Sometimes - it doesn’t happen very often - a place not only meets the claims of travelogues and tourism brochures, it surpasses them. For a fisherman, New Zealand is just such a place.
I have a bit of a love affair going with New Zealand. It’s amazingly compact and beautiful. The landscape is ever-changing; from beach to lush, green farmland to rugged slopes. The air is clean, the water is clear and pure and the produce is fresh and delicious.
And the fishing!! When it comes to trout fishing, most fisherman talk of New Zealand with something that to the uninitiated, sounds as if it can only be hyperbole. Zane Grey called it the Angler’s Eldorado and while it has been a few years since the author penned his famous work, the moniker is no less apt today.
So I don’t really know why it took me so long to discover the wonder that is, relatively speaking, on my doorstep. It takes me longer to drive to my beloved Snowy Mountains in Australia than it takes to fly to New Zealand. This was my second trip. Needless to say, it won’t be my last.
The latest addition to my fly pattern repertoire - a Clouser Minnow.
I plan to use this predominantly as a salt water fly, but its versatility means you can use it for all sorts of fishing. It’s easy to tie, too.No comments
We spent the June long weekend in one of the best places in Australia - Kosciuszko National Park. It was the last weekend of the trout season and many of the trout - especially the browns - have already moved up into the streams to spawn.
My childhood family holidays were spent exploring the park and fishing with my dad, so it holds a special place in my heart. In those days, the Alpine Way was a corrugated track and driving it at any time of the year was something of an adventure. You could drive the entire way from Khancoban to Thredbo without seeing another vehicle and you had to dodge the lyrebirds and wombats - and the occasional fallen tree! Dad, mum, my sister and I would pile into our old Toyota Corolla station wagon - no 4WD for us - and go exploring. And our favourite place was the Geehi Plains, on the banks of the Swampy Plains River. We would make camp at the Geehi Hut and feast on sausages in rolls with tomato sauce. And it remains one of my best memories.
These days, the Alpine Way is sealed and National Parks & Wildlife has paved the main Geehi rest area. It no longer has that feeling of the wild, remote high country. But you can still go off the beaten track to find it, and it is still as beautiful as ever. My husband and I have a little 2-door Pajero 4WD that is a veritable mountain goat. We call him (yes, he’s a ‘he’) Errol, after Errol Flynn, because he’s a swashbuckling adventurer. We explore the tracks and walk the river in search of the trout, rainbows and browns, that lie between the boulders in the crystal clear pools. For the most part, Australia is a wide, brown land; harsh and immense. But in the Snowy Mountains during winter it is clear and cold, with light that coruscates off the water of gin-clear mountain streams below the snow-line. It is glorious.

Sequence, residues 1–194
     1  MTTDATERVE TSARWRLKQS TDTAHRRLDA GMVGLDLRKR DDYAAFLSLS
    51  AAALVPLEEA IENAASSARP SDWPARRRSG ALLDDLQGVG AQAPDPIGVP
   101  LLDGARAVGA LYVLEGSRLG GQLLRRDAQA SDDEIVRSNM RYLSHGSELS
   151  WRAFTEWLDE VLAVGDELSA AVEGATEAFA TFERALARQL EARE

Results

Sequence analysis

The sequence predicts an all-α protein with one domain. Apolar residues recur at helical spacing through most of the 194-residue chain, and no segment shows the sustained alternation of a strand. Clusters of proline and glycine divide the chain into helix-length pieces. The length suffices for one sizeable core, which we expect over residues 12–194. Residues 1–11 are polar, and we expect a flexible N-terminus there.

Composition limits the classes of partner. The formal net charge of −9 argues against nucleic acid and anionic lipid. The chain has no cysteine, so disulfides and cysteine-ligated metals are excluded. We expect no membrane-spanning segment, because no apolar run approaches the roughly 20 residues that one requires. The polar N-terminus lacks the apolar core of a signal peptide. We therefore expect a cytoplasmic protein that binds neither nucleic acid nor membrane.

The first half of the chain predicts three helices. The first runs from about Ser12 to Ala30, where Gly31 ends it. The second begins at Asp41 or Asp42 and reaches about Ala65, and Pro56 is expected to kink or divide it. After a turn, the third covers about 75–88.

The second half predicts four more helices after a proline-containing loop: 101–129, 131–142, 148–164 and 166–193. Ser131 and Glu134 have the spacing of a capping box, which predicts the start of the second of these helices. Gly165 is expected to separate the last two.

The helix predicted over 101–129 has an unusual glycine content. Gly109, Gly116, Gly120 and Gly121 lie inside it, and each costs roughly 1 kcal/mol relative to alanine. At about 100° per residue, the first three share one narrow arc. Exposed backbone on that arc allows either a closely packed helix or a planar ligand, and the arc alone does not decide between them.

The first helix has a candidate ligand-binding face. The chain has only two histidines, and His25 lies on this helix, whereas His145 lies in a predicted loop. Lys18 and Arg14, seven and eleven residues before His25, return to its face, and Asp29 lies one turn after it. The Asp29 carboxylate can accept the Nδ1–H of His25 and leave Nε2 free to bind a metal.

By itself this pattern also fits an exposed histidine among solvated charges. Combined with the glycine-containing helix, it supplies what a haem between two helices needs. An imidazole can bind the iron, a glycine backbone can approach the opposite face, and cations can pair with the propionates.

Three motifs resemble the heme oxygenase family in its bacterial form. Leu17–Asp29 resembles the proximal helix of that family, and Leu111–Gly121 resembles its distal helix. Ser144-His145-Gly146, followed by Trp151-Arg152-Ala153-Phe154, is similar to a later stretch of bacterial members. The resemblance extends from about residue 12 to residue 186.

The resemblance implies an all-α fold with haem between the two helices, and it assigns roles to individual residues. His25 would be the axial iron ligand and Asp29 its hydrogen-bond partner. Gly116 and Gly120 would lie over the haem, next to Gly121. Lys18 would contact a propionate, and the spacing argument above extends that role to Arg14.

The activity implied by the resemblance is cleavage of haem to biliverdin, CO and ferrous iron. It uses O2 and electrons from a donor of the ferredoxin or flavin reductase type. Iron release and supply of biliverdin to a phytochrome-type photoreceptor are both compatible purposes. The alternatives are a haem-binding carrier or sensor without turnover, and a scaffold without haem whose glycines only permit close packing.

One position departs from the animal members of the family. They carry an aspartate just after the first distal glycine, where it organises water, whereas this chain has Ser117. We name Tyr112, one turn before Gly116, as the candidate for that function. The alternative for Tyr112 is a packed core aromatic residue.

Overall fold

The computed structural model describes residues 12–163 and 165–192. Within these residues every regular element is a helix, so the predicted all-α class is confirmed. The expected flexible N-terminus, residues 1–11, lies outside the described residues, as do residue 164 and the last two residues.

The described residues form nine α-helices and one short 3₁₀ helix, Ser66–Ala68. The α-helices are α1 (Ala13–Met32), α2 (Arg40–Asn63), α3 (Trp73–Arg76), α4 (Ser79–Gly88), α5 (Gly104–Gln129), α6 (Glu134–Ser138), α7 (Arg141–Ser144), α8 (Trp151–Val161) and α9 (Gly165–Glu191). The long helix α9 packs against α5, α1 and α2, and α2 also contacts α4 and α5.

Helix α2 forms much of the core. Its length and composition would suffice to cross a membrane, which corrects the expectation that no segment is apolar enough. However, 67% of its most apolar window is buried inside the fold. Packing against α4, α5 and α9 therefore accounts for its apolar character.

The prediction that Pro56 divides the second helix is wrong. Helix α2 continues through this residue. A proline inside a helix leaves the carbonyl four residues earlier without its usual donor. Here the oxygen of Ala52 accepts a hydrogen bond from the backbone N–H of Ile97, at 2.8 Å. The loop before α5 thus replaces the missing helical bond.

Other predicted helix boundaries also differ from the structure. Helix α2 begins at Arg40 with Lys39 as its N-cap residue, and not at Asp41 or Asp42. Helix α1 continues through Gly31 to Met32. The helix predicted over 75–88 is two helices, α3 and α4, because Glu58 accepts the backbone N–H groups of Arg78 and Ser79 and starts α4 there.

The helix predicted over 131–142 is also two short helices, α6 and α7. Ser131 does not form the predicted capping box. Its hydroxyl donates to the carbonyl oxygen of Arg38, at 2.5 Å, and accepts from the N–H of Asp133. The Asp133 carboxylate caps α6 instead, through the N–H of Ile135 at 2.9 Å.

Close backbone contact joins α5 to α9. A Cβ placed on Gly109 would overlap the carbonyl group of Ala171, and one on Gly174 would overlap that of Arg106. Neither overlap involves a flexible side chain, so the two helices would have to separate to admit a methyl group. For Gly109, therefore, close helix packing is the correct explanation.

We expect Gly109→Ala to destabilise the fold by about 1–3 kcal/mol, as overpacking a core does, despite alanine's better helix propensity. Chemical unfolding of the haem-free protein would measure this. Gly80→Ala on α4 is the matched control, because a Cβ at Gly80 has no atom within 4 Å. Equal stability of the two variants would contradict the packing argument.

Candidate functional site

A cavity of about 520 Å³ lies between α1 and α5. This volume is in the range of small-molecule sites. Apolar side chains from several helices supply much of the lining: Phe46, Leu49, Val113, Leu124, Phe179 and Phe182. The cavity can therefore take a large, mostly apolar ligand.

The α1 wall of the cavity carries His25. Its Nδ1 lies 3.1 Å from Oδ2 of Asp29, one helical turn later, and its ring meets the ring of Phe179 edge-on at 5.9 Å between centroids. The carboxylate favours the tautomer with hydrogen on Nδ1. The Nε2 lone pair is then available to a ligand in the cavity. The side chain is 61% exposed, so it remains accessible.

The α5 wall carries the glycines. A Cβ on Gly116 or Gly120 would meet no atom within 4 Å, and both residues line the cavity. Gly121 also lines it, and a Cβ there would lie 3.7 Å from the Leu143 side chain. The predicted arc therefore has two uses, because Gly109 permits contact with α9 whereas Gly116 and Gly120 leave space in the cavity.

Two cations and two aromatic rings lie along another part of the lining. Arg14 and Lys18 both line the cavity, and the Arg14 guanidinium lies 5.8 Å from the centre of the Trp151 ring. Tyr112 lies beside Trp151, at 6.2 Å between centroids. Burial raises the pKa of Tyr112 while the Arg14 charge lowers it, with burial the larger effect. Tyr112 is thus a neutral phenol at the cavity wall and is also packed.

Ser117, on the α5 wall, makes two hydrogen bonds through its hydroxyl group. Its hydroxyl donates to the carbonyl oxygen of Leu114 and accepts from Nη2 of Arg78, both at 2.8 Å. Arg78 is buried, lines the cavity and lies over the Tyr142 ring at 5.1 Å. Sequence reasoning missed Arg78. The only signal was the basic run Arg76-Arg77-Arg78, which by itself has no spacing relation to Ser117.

I spent most of the weekend nymphing with my favourite wet fly - the black bead headed nymph. Many fly fishermen turn their noses up at wet flies; dry flies patterns such as mayflies and adams are what really capture the imagination. And in some ways I understand why. The moment when a trout rises slowly to sip a delicately placed fly, or when it erupts from the water with a splash and a roll, is largely why most of us weirdo fishos do what we do. But many of those same fishermen would have caught their very first trout on a wet fly, not a dry one. And I find wet flies more versatile; a trout will just as easily take a wet as a dry, in my experience, but not the other way around. I sometimes wonder whether the reason so many fishing epistles wax lyrical about dry fly fishing is because finding the right conditions to fish a dry fly is a far rarer event and, as they say, absence makes the heart grow fonder. Whatever the reason, I will never, ever, forget the moment that Indi River rainbow grabbed my nymph and took up off the river, tail-walking and flashing and making my heart sing. It will remain one of the proudest moments of my life.
Hmmm…a wee bit too retrospective and indulgent. I really just wanted to post this photo (above). It is taken in the afternoon, when the sun has dipped behind the snow capped peaks and the mist is just beginning to rise from the river. I had been fishing a Red Tag fly on top, with my trusty black nymph below and this fellow smashed it, using the fast current of the snow-melt water to his full advantage. I have a rule: no fish in the freezer. Which means we only ever keep one or two trout - the rest live to fight another day. This young fellow was the last trout of the season. A beautiful fish, for a beautiful spot.1 comment
These are my wading boots. They look great and they’re supposedly designed for women but my personal experience is that they are very, very uncomfortable. I have to take them off after an hour or so which, when you consider I bought them for serious river forays, is hardly satisfactory.
And the worst part is I can never try before I buy, because the number of female fly fishers in Australia is not large enough for retailers to justify holding stock (and I completely understand this on their part). So, if you want anything, you have to order it - which is how I ended up with a pair of wading boots that don’t suit me at all.
So here’s my plea to fishing gear manufacturers - really think about whether your ‘women’s’ range offers values and addresses your customers’ needs. Because it is true that women talk - and while they may be a small proprtion of your customer base, they are nonetheless disproportionally vocal.